HOUSTON, Texas (KTRK) -- With students back in the classroom, athletes are tackling the competition on the field.
Now that high school football is back in full swing, the Friday night lights are brighter than ever. But there's a looming issue around the sport that could dim its spotlight.
Rudy Zertuche has been officiating games for 40 years and sees a problem on the horizon.
"I'm here to help out these newer guys so they could understand how to deal with the coaches," Zertuche said.
According to referee recruiter Michael Paul, for every high school added in the region, you need about 35 officials to cover the footprint that school created. The shortage is attributed to age, on top of those moving up to higher levels of competition.
"If they can move up and to get into college ranks, then they're not doing high school anymore," Paul said. "So you're constantly needing to replenish those guys that are either retiring or moving up in the different ranks."
Also contributing to the shortage is the association's decision to move from 5-man to 7-man crews a few years back. While that's helped improve the overall safety of the game with more eyes on the field, it's increased the need for more officials. If the decline continues, that could mean a shift in days. Instead of the big games happening on Friday nights, they could move to Thursdays or Saturdays.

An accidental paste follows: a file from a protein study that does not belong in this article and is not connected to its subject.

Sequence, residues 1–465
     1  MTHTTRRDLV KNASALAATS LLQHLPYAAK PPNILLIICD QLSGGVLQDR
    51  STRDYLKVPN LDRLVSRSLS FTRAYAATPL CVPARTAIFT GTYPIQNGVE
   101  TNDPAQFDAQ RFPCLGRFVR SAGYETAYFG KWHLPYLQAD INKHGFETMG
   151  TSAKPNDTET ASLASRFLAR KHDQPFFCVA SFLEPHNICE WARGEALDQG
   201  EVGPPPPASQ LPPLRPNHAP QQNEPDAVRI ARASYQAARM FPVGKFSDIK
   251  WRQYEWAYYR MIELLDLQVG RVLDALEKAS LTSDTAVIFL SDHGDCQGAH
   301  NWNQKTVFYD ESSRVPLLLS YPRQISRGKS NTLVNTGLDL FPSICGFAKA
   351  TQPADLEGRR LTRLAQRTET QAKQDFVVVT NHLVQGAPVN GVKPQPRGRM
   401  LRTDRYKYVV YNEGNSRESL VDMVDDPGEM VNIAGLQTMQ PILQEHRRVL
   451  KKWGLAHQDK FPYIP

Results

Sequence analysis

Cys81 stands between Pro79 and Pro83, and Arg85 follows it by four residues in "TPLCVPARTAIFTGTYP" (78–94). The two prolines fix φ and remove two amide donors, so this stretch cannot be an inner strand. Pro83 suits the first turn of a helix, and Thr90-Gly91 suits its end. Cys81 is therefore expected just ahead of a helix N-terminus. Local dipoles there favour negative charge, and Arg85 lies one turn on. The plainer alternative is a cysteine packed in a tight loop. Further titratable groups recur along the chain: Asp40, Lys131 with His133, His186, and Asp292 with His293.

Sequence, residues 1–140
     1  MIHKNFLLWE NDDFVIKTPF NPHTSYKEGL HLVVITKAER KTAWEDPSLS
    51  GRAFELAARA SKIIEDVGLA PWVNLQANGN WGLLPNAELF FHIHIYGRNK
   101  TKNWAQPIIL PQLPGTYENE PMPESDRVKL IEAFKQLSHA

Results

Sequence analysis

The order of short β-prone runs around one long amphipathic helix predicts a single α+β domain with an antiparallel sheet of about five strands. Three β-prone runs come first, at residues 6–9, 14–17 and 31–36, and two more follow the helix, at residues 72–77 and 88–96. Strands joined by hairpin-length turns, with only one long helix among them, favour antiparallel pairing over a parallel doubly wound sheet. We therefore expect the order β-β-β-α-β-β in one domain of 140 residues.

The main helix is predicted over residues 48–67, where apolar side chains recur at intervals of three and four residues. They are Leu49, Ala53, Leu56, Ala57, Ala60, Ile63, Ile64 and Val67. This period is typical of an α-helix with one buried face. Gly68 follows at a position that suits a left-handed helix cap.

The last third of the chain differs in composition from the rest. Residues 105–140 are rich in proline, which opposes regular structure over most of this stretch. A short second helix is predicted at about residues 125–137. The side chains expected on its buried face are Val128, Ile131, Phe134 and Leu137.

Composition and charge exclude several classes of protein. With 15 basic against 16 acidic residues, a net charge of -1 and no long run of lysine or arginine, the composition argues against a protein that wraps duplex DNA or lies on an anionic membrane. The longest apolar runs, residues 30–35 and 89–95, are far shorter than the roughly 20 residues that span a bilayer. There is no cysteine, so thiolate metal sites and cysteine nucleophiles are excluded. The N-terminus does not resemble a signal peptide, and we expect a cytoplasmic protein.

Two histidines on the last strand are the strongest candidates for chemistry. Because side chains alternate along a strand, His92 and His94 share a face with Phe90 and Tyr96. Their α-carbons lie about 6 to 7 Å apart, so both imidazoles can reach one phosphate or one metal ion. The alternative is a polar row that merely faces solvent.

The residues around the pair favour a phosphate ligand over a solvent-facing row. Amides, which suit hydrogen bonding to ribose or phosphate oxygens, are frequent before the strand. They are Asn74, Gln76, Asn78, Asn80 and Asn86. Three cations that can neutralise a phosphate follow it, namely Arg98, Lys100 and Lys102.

Paul's mission is to find new members and get them through the proper training. Officiating pays around $45 a game in the beginning, but pay increases with experience.
In addition, Paul says they're not just looking for men.
"There's actually several women that we have in the Houston chapter that have worked their way up. One's working college games now," Paul explained.
If you're interested in joining:
New Members of the Houston Chapter of TASO Football
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Referee shortage threatening Texas high school football
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